Letters 10-24-2016

It’s Obama’s 1984 Several editions ago I concluded a short letter to the editor with an ominous rhetorical flourish: “Welcome to George Orwell’s 1984 and the grand opening of the Federal Department of Truth!” At the time I am sure most of the readers laughed off my comments as right-wing hyperbole. Shame on you for doubting me...

Gun Bans Don’t Work It is said that mass violence only happens in the USA. A lone gunman in a rubber boat, drifted ashore at a popular resort in Tunisia and randomly shot and killed 38 mostly British and Irish tourists. Tunisian gun laws, which are among the most restrictive in the world, didn’t stop this mass slaughter. And in January 2015, two armed men killed 11 and wounded 11 others in an attack on the French satirical magazine Charlie Hebdo. French gun laws didn’t stop these assassins...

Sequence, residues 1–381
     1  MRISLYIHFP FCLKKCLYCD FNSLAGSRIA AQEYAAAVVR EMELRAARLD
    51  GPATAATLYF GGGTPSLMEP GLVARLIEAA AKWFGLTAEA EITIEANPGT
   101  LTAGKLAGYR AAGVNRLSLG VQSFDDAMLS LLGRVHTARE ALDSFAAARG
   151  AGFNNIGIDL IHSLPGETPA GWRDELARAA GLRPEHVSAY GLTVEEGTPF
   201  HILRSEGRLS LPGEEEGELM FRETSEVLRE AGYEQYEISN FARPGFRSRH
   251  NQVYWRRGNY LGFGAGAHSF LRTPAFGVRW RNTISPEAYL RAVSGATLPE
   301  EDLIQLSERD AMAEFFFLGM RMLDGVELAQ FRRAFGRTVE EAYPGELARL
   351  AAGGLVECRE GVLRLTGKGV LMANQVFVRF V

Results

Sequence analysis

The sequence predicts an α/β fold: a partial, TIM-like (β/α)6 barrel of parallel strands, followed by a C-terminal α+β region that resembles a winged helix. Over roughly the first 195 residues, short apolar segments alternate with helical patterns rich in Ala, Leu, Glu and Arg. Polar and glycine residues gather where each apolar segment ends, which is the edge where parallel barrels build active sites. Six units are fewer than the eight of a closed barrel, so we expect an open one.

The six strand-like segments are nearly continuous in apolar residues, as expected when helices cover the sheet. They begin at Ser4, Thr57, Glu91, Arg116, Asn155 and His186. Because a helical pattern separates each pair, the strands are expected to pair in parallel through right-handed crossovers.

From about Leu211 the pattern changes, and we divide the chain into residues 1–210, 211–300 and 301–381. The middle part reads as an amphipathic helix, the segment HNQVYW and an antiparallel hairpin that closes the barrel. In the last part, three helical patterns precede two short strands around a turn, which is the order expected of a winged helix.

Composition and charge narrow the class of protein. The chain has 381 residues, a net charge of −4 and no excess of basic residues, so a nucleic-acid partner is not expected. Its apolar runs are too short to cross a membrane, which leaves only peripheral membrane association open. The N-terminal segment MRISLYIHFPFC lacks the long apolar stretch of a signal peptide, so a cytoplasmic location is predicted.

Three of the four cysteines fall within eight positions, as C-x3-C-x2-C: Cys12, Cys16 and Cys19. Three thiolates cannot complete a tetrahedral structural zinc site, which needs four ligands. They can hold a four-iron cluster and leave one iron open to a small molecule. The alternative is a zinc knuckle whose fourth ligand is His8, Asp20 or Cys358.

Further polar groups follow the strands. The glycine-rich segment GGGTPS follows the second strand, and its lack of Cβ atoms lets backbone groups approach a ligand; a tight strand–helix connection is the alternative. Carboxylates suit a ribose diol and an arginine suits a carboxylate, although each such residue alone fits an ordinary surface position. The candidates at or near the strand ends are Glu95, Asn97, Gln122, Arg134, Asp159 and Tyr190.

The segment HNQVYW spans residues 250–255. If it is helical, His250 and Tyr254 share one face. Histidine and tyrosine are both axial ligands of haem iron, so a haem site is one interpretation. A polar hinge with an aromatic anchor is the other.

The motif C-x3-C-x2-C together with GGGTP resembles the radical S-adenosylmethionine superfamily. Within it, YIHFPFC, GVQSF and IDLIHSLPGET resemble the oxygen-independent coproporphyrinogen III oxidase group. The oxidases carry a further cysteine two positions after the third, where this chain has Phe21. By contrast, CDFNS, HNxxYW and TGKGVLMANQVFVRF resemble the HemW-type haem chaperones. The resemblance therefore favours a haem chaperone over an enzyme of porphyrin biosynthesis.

Scripps’ Good Deed No good deed shall go unpunished! When Dan Scripps was the 101st District State Representative, he introduced legislation to prevent corporations from contaminating (e.g. fracking) or depleting (e.g. Nestle) Michigan’s water table for corporate profit. There are no property lines in the water table, and many of us depend on private wells for abundant, safe, clean water. In the subsequent election, Dan’s opponents ran a negative campaign almost solely on the misrepresentation that Dan’s good deed was a government takeover of your private water well...

Political Definitions As the time to vote draws near it’s a good time to check into what you stand for. According to Dictionary.com the meanings for liberal and conservative are as follows:

Liberal: Favorable to progress or reform as in political or religious affairs.

Conservative: Disposed to preserve existing conditions, institutions, etc., or to restore traditions and limit change...

Voting Takes A Month? Hurricane Matthew hit the Florida coast Oct. 6, over three weeks before Election Day. Bob Ross (Oct. 17th issue) posits that perhaps evacuation orders from Governor Scott may have had political motivations to diminish turnout and seems to praise Hillary Clinton’s call for Gov. Scott to extend Florida’s voter registration deadline due to evacuations...